Vistaprint launches design service

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Web-to-print business Vistaprint is bringing a design service to its portfolio. It is acquiring 99designs to offer clients a low-cost bespoke design service.

99Designs: Now part of Vistaprint
99Designs: Now part of Vistaprint

Until now Vistaprint has provided standard artwork, images, typefaces, and layouts that its clients can use, or they could upload their own layouts and images. Now, with 99designs, the company will offer the services of its network of freelance designers.

“The driving force behind Vistaprint’s future with 99designs is our passion to help small businesses,” Robert Keane, founder and chief executive officer of both Cimpress and Vistaprint, said.

“We know how critical great design is for entrepreneurs on their journey. 99designs and Vistaprint have shared values and vision to be a trusted partner to business owners and creators which lay the foundation for something bigger and more valuable than either of our teams could create alone.”

The company says connecting 99designs’ network of talented freelance designers with its 20 million customers will create a global platform which will make it easy for small businesses to access both professional design services and great marketing products in one place.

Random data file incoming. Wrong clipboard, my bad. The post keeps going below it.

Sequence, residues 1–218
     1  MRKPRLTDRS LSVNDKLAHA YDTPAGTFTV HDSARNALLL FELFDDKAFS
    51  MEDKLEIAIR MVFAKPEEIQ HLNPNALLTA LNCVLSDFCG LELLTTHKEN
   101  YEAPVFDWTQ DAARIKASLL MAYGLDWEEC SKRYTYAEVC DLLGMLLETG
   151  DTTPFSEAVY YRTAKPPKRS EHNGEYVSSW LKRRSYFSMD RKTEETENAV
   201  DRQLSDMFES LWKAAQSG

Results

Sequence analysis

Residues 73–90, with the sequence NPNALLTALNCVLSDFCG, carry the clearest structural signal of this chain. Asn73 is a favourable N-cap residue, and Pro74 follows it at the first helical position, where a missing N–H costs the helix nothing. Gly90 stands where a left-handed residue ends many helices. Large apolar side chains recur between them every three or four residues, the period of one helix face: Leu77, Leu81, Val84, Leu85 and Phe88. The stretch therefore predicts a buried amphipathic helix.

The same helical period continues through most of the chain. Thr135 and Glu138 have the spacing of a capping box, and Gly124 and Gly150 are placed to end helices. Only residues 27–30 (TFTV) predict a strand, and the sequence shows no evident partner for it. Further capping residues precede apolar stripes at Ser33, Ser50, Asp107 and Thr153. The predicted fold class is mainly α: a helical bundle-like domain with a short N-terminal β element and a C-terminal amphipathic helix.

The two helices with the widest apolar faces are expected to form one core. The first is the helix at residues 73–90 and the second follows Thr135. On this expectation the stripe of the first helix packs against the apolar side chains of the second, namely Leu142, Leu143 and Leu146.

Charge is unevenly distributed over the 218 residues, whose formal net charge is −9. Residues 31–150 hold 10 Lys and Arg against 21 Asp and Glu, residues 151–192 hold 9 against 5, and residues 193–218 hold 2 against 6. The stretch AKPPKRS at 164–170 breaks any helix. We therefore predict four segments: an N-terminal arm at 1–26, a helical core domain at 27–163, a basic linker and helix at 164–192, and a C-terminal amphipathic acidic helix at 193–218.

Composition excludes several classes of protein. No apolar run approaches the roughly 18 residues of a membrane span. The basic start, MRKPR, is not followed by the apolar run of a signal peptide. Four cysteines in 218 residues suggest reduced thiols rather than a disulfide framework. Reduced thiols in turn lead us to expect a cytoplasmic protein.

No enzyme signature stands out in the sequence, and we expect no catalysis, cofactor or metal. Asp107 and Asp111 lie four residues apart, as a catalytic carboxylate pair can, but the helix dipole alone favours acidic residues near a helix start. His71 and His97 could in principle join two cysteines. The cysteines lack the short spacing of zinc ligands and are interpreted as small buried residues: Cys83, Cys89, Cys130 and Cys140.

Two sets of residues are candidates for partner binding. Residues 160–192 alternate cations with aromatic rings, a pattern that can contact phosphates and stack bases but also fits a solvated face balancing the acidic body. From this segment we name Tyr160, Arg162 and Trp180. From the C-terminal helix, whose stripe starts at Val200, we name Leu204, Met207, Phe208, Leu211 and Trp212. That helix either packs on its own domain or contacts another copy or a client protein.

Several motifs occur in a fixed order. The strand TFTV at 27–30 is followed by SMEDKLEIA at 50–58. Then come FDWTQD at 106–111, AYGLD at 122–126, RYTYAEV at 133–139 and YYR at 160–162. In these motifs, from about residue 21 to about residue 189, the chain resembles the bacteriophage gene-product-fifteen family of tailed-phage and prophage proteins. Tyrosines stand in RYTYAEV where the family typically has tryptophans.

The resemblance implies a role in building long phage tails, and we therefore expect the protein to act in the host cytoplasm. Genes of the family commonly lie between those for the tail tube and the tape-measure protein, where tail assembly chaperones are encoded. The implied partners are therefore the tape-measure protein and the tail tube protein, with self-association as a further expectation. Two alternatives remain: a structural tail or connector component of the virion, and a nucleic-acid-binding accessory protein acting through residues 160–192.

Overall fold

Patrick Llewellyn, 99designs’ chief executive officer, said: “In a year when the whole world has had to work together online, 99designs’ mission of championing creativity to bring opportunities to people around the world has never been more relevant. We’ve been enabling remote creative connections for more than a decade and have seen firsthand how these fuel the success of small businesses and creators. Vistaprint’s belief and investment in both our team and technology is testament to the enormous potential in human-powered creativity, as well as the profound impact that great design has on a small business.”

Vistaprint is the world’s biggest web-to-print outfit, operating from sites in the US, Europe, and at Deer Park in Melbourne. It targets both the general public and what it calls micro-businesses, typically one- or two-person operations.

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